Using scanning tunneling microscopy, the influence of a thin Au layer on the diffusion of Fe adatoms and the subsequent island nucleation on a Si(111) surface is investigated. The adsorbate induces the structure that increases the surface mobility of subsequently deposited Fe atoms, resulting in the formation well-defined nanoclusters. Surprisingly, the domain walls—inherent to the reconstruction—do not influence the surface diffusion, which demonstrates that the passivation is of much more importance for the self-assembly than the surface corrugation. Using the decoupling of the diffusion and nucleationon the surface and the reactionwith the surface and conventional nucleation theory, the activation energy for surface diffusionE d = 0.61 eV and the critical cluster sizei = 3 are determined, which reveal the microscopic details of the diffusion and nucleation processes.
KeywordsSelf-assembly Surface reconstruction Diffusion Passivation STM Nanostructures Iron silicide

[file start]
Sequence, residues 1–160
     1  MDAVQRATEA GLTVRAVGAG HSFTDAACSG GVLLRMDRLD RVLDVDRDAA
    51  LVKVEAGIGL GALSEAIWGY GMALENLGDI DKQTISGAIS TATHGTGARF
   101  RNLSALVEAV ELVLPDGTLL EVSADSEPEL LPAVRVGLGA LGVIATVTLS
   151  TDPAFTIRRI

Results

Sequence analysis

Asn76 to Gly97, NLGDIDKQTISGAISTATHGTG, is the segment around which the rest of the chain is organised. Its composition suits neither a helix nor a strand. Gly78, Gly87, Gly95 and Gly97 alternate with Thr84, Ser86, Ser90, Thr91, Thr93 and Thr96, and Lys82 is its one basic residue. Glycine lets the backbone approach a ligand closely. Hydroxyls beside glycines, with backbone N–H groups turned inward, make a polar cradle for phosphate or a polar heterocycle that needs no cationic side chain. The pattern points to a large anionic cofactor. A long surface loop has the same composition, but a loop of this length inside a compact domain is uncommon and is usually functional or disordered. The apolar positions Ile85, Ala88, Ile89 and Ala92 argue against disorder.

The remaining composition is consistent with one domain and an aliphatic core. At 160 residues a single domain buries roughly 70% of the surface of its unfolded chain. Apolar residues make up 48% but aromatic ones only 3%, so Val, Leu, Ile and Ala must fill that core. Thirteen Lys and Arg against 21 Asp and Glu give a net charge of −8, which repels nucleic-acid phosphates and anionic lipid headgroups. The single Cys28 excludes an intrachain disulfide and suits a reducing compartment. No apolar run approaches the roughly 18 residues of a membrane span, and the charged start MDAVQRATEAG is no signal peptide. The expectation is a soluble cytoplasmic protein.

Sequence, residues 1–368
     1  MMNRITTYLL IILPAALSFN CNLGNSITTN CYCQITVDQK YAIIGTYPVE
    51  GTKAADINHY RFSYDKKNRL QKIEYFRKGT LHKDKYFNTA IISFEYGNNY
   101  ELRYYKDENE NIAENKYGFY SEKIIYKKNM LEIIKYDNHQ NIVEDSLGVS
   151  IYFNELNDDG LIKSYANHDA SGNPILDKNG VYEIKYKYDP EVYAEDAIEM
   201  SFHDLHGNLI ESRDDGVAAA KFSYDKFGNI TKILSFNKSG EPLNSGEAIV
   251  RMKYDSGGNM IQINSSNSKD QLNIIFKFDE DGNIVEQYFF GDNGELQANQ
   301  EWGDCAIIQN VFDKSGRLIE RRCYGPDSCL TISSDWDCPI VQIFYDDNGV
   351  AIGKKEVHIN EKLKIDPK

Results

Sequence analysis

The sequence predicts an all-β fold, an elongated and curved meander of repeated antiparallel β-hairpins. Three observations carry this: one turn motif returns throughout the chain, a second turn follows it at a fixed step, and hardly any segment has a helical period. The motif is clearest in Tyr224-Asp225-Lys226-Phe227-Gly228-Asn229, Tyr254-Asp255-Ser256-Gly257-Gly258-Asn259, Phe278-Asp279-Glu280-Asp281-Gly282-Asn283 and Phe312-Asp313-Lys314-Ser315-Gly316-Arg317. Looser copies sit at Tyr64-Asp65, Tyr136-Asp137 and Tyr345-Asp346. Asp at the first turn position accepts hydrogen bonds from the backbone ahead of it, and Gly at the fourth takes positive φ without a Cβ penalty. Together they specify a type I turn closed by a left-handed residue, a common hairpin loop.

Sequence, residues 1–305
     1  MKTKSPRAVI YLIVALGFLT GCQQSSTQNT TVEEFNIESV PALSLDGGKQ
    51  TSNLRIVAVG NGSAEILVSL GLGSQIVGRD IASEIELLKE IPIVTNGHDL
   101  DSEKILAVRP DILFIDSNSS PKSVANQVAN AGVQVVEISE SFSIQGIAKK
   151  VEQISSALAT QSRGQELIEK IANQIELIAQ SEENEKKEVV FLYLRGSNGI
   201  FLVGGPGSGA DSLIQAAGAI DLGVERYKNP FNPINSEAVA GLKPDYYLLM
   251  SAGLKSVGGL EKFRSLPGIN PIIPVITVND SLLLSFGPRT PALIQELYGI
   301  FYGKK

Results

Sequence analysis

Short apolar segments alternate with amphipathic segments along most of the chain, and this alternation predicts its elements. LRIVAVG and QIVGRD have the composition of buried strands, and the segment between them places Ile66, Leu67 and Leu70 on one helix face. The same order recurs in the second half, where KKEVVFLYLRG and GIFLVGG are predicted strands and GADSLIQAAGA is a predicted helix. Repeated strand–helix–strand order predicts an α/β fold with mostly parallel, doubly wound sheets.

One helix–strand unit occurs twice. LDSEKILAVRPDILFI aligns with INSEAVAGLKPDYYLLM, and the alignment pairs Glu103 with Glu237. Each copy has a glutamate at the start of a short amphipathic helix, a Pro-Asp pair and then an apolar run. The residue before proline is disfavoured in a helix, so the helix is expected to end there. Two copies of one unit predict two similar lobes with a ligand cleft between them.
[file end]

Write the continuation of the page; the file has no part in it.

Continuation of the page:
In order to assure the continuing downscaling of electronic components, new growth methods need to be explored as currently used top-down techniques are approaching their physical limits. An emerging alternative for the growth of nanoscale systems is self-assembly: by exploiting the striving toward the minimal energy it enables the formation of nanostructures even down to the atomic level. However, its future implementation requires extensive fundamental research to unravel the complex interactions involved. Self-assembly of nanostructures on a surface is predominantly governed by two physical processes: the diffusion of atoms and the subsequent island nucleation. The combination of these processes eventually determines the final properties of the nanostructured systems, such as size, distribution, phase, electrical and magnetic properties, etc. Considering the key role of the surface in the implied interactions, surface functionalization provides a potential way to influence—and eventually to control—the growth of nanostructures on a surface. Our recent results on noble metal induced surface reconstructions prove that an ultra thin buffer layer and the induced surface structure have a major influence on the final morphological island properties [1–3]. In order to obtain a better understanding of the microscopic details of the self-assembly process, we investigated in detail the effect of the Au-induced superstructure on the subsequent diffusion of adatoms and the nucleation of Fe-Si nanostructures on Si(111). Whereas we previously investigated the morphological properties (e.g., size, height, phase formation, density, etc.) of the islands on different Au-induced surface reconstructions  and the Cu-induced reconstruction , we now specifically focus on the reconstruction to investigate the microscopic details of the diffusion and nucleation processes on this particular surface. As it consists of domains separated by domain walls that may act as non-reactive diffusion barriers, a study of the influence of these domain walls on subsequent nanostructure formation can reveal the relative importance of the surface topography versus the surface passivation. Furthermore, to determine the relevant kinetic parameters for surface diffusion and island nucleation on the superstructure, the results are interpreted in the framework of the conventional nucleation theory. It is elaborated that this theory is applicable for our system and as such, we present a novel approach for interpreting surface diffusion and island nucleation in reactive systems.